"They're very much like their father," said the hostess, smiling with gentle significance. "Very much," echoed the host, with less delicacy. "Their mother is one of those women who stand in terror of their husband's will. Now, if he were to die and leave her with a will of her own she would hardly know what to do with it I mean with her will or the property either."

"Morano," said Rodriguez as he passed that foolish figure, "we go sixty miles to-morrow." "Sixty, master?" said Morano. "A hundred: two hundred." "It is best to rest now," said his master. "Two hundred, master, two hundred," Morano replied. And then Rodriguez left him, and heard him muttering his challenge to distance still, "Two hundred, two hundred," till the old stairway echoed with it.

"She has such a way of trusting us girls that we just couldn't disappoint her." "She is lovely," echoed Agony, as they went up the steps of Gitchee-Gummee. "I think I'll leave a note for the girls telling them I won't be back at supper time," said Agony, hastily pulling out her tablet. "They will be wondering what has become of me."

"Yes," he admitted. "Yes. I suppose that is the real question, mother. It all depends " She looked up at him sharply, as if in haste to probe the limits of his hesitation. "Depends?" she echoed. "Upon the way you feel about it, mother." She shook her head. "Not that," she offered swift correction; "but upon the question which is right. You are at the forking of the roads, the narrow and the broad.

While the others fetched their breakfast-cans, he stepped over, and bent and whispered "Tell me. Ye've seen what?" "Seen?" Long Ede echoed. "Ay, seen what? Speak low was it the sun?" "The s " But this time the echo died on his lips, and his face grew full of awe uncomprehending. It frightened the Gaffer.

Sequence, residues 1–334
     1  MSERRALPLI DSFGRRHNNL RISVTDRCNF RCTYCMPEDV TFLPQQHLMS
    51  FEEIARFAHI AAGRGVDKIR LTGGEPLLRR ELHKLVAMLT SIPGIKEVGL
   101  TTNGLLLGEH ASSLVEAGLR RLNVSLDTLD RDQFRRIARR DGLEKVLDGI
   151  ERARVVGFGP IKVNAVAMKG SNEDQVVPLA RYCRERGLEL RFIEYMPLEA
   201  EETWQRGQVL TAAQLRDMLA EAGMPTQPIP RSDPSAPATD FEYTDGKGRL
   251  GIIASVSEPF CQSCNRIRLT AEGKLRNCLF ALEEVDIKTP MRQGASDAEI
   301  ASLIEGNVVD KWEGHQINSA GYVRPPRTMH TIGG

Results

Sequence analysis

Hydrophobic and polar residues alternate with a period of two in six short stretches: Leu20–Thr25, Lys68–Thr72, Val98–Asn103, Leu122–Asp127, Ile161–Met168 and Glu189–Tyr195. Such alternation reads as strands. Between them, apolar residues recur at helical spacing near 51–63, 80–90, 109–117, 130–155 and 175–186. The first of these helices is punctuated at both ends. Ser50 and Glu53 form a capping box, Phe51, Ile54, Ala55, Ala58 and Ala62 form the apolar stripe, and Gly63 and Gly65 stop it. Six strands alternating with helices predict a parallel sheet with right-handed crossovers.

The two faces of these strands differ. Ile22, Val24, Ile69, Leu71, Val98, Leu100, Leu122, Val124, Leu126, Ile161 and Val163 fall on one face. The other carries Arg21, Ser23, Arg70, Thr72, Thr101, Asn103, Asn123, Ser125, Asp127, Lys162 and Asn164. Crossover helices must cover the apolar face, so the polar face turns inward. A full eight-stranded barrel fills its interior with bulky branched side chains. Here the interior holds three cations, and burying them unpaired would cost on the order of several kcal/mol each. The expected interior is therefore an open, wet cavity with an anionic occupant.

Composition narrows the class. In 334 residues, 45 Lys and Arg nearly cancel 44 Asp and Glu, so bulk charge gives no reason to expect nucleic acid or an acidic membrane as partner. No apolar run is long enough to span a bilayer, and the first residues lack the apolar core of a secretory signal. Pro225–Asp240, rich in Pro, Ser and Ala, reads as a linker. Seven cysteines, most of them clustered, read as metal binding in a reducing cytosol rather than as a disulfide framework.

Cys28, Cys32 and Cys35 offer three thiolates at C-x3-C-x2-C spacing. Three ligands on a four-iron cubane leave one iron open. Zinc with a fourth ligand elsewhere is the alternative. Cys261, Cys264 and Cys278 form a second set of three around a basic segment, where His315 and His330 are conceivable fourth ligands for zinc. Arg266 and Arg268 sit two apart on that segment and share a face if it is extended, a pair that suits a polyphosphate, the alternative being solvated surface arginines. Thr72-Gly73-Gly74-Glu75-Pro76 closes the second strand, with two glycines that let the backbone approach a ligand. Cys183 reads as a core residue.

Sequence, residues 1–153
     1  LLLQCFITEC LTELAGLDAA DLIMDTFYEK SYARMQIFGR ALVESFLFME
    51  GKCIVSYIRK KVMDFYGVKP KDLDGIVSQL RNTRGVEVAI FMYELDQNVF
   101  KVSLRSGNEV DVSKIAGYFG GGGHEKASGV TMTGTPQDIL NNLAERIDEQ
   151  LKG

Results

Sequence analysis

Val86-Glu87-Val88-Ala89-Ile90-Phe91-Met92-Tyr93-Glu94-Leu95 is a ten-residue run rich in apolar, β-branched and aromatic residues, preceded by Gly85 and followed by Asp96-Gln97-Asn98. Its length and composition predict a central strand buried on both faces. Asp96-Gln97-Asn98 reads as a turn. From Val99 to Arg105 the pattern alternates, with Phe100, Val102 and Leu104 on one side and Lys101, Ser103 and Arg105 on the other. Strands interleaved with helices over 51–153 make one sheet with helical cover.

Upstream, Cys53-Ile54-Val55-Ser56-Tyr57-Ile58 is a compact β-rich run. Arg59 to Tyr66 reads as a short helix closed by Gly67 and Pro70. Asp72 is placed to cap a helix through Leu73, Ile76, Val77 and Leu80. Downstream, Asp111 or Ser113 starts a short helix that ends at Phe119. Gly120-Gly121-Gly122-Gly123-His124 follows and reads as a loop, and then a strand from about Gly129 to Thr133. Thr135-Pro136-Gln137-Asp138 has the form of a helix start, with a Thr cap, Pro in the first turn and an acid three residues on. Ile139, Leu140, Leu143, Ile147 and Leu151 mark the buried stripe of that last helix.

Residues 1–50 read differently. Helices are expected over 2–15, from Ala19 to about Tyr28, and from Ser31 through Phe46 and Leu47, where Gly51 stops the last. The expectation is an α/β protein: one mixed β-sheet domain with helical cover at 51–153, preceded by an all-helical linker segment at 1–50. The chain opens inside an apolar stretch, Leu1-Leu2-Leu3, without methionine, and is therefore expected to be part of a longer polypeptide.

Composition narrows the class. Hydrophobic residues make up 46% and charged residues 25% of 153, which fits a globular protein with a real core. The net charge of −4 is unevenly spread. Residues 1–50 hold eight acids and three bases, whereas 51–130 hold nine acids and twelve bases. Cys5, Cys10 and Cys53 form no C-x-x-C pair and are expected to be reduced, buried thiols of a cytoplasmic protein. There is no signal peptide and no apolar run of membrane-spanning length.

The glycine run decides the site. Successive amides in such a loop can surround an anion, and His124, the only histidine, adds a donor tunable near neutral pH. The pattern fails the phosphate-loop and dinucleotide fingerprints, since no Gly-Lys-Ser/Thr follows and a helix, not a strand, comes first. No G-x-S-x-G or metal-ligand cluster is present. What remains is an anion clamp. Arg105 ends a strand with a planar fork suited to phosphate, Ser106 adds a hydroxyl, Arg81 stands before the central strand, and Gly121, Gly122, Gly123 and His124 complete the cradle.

"Tame?" echoed the girl, smiling. "I've had enough excitement to last me all my life, dear. I think that Major Dermot has put it rather mildly. I'm sure even I could tell the story better."

Singularly enough, the sharp call of the telephone-bell still echoed in her ear, and her body and mind were in a state of tension, as if, at any moment, she might hear another summons of greater interest to her than the whole of the nineteenth century.

A cry of astonishment and admiration echoed from the parched weary lips, which had long since ceased to utter question or answer; and it soon rang from rank to rank, from tribe to tribe, to the very lepers at the end of the procession and the rear-guard which followed it.

"You do mind giving faith and sympathy!" Beverley burst out. "Why should you take me on faith, and refuse it to another? You knew nothing about me ... I know nothing about this child...." "Ah, you're sure you know nothing about her!" His tone was bitter. "What could I know?" she echoed. "I brought her straight home, and she hasn't been able to talk ... except a few words."

"And me?" she inquired with a smile that pursed her lips. "You no like me?" I laughed. "I did not say that," I observed. "How could it be otherwise? Even though you will be offended, I must wonder if you know how much you mean to him." "To him?" she echoed vaguely, in alarm. "To your husband," I went on. "You see, he has told me a good deal of his life.